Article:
Survival differences between black and white women with breast cancer

Authors

  • Dr. E. George Elias MD, PHD,

    Corresponding author
    1. Surgical Oncology Program, Department of Surgery, University of Maryland, School of Medicine, Baltimore, Maryland
    • University of Maryland Medical System. Room N13E02, Baltimore, MD 21201-1595
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  • Charles M. Suter PHD,

    1. Surgical Oncology Program, Department of Surgery, University of Maryland, School of Medicine, Baltimore, Maryland
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  • Sally D. Brown RN, BSN, OCN,

    1. Surgical Oncology Program, Department of Surgery, University of Maryland, School of Medicine, Baltimore, Maryland
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  • Barbara S. Buda RN, BSN, MGA, OCN,

    1. Surgical Oncology Program, Department of Surgery, University of Maryland, School of Medicine, Baltimore, Maryland
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  • Debra A. Vachon MD

    1. Surgical Oncology Program, Department of Surgery, University of Maryland, School of Medicine, Baltimore, Maryland
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Abstract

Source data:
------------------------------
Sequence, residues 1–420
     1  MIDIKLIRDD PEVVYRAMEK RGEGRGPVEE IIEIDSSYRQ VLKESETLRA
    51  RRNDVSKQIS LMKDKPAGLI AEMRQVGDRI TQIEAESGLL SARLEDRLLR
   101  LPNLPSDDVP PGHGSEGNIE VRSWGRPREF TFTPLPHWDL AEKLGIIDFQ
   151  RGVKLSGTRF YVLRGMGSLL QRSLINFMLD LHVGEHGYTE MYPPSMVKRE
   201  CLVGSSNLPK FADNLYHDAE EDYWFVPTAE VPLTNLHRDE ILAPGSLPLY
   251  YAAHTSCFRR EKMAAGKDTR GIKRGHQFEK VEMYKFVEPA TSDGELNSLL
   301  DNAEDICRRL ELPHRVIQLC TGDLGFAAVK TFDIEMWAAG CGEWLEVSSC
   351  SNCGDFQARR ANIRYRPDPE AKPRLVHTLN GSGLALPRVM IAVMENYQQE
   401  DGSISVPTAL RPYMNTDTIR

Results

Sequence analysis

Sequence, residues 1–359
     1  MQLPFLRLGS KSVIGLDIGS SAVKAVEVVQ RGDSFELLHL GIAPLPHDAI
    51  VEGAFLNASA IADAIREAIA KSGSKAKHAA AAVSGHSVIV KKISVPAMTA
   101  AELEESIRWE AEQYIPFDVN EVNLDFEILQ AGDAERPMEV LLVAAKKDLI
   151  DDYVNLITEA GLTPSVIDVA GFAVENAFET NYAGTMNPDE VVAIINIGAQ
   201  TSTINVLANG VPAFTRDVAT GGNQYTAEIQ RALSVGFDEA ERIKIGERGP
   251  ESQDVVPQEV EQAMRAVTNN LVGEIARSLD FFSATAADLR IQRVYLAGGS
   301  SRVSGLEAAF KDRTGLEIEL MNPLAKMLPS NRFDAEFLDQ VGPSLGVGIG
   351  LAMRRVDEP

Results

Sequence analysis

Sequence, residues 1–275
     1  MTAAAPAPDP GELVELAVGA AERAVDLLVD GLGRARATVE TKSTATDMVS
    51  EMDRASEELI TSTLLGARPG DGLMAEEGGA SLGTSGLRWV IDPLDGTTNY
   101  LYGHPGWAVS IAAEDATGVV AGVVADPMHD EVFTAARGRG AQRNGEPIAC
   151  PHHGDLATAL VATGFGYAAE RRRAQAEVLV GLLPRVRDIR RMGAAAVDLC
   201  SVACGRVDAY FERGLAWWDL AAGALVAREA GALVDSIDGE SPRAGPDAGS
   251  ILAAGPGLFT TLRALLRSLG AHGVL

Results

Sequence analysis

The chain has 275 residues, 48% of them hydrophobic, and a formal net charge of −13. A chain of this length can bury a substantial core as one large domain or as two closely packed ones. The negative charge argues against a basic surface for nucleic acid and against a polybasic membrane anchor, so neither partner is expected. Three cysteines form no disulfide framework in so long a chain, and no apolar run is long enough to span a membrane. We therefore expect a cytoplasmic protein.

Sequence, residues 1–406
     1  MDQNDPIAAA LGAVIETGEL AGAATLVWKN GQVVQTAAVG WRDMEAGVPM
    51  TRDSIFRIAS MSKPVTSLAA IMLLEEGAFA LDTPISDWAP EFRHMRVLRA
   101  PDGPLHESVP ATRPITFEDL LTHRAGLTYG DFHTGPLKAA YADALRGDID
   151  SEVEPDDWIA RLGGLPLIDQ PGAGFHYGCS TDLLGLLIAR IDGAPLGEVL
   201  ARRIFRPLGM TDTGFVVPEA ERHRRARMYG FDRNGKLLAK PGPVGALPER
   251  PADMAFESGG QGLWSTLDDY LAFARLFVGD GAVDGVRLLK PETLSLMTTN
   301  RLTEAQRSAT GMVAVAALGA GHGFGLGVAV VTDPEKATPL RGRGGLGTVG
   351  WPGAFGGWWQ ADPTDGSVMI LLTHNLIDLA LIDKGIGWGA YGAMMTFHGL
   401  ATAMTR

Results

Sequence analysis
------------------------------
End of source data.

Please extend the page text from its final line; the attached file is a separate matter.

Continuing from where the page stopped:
Several reports have indicated that black women with breast cancer have a poorer prognosis than white women. To investigate this phenomenon and to identify some of the underlying reasons, 172 patients with infiltrating ductal carcinoma of the breast, who were managed similarly, were studied. Survival analysis comparing the two populations with breast cancer revealed that white women had significantly longer overall survival (OS), P = 0.015 by Wilcoxon and 0.019 by log-rank, and borderline significantly longer disease-free survival (DFS), P = 0.04 by Wilcoxon and 0.07 by log-rank. While there was no significant difference in OS and DFS between the two groups with negative nodes, significantly poorer DFS and OS was noted in black patients with one to three positive lymph nodes compared to white patients, P = 0.008. The white patients had a higher incidence of hormone receptor-positive tumors, especially progesterone receptor (P = 0.0016). However, survival analysis failed to show any difference between the black and the white populations based on hormonal receptors. Such findings suggested that further investigation of other factor(s) is warranted. © Wiley-Liss, Inc.

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